- I finally saw Bohemian Rhapsody on Sunday afternoon. I’m still singing in my head.
- Some people should not be allowed to drive. Yep, dude in the black Beemer tailgating my new car, I’m talking to you. #%?!*#%
- I’m already tired of wrapping gifts, and I’m not even halfway done.
- How can two seemingly identical bras, in the same size, from the same shop, fit so differently? #BuyersRemorse #RightBoobSquashed #BreathingNotOptional
- Great football this past weekend. #HowAboutThemCowboys
- My Apple Watch is something of a bully. I’ll get up when I damned well please! Okay, now is good.
- I like bullet points.
- Sometimes so-called “relaxation” music is anything but. Listen, if you want me to relax, don’t put any sudden changes in the track.
- Bradley Cooper is hot.
- If you’re still reading, you’ll know I really had nothing much to say today. Thanks for hanging in there.
- I always wanted a tumbleweed Christmas tree.
- There aren’t any tumbleweeds in Florida, as far as I know.
- Jenna Bush Hagar seems like such a sweet young woman. #TodayShow
- When I die, will someone take my ashes on a cross country train ride?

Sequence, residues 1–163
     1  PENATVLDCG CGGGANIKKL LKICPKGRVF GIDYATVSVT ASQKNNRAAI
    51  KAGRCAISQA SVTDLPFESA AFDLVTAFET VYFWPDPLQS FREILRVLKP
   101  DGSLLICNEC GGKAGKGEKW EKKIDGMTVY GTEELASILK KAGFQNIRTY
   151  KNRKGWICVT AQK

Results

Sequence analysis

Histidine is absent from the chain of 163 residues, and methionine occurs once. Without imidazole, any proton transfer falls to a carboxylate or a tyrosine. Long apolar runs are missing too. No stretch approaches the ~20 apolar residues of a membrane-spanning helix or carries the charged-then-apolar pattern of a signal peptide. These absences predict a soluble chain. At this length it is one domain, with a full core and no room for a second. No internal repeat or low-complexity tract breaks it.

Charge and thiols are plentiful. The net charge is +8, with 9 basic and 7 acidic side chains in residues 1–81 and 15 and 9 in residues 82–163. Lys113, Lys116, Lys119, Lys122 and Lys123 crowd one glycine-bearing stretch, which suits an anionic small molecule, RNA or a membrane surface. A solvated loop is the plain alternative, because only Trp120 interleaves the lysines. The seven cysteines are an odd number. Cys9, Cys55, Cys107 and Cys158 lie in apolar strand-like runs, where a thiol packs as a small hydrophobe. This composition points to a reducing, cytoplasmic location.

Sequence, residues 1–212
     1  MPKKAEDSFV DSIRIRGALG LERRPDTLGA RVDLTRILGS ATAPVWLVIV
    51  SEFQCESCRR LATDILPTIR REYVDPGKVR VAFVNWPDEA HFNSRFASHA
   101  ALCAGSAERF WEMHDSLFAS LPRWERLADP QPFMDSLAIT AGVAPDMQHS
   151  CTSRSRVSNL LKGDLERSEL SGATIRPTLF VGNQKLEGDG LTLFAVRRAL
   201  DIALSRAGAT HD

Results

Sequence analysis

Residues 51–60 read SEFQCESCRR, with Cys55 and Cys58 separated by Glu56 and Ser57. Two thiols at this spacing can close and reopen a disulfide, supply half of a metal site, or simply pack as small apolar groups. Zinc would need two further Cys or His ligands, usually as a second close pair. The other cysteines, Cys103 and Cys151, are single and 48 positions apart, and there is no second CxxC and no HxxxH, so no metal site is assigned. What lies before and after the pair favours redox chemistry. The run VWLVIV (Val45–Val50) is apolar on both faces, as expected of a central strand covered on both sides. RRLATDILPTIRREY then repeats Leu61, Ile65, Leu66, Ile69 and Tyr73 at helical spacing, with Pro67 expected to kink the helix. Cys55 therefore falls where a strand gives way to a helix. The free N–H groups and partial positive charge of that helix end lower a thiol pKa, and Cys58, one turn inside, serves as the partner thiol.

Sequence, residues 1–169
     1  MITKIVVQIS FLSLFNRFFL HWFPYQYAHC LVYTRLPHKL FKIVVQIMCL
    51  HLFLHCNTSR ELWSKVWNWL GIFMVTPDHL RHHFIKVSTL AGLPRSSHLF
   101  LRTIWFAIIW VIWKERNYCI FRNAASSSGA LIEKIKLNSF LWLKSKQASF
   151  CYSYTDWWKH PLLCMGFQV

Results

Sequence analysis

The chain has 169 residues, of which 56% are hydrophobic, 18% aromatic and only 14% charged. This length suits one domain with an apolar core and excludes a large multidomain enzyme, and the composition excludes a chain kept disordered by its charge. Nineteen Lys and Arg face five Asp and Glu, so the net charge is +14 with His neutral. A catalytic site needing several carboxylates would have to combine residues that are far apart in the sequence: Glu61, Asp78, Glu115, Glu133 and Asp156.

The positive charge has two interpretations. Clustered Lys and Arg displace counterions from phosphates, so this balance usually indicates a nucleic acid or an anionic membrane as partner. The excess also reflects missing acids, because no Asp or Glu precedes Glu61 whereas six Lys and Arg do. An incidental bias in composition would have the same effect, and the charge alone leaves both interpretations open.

- I’m not on the shortlist for Time magazine’s Person of the Year. Again.
- Did I mention how much I loved Bohemian Rhapsody? And bullet points?
If in death I succumb to the depths of a cold, dark grave, my dear,
Heart stalled permanently; no sights to see, nor sounds to hear,
Then why waste time on costly coffin accoutrement?
My nakedness will not offend worms in search of nutrients.
Why sing songs, most mournful dirges to send me on my way?
Just close the lid and lock it tight against the light of day.
Better still to light a pyre, or set adrift in Viking ship
Burning boldly through the night, ashes sifting, soul adrift.
Note: Look for more of Julie Powell’s photography at juliepowell2014.wordpress.com
Earlier this week my mother-in-law, Saint Helen, called to let us know that her beloved brother-in-law, our Uncle Junior, had passed away. Junior was one of the best men I ever met. He always had a smile and a story to tell. Every Sunday he’d call Saint Helen and they’d share their week’s adventures. Even in his last years Junior would be out on his large property in Oklahoma tending to chores that would be daunting to much younger men. He was quite a man.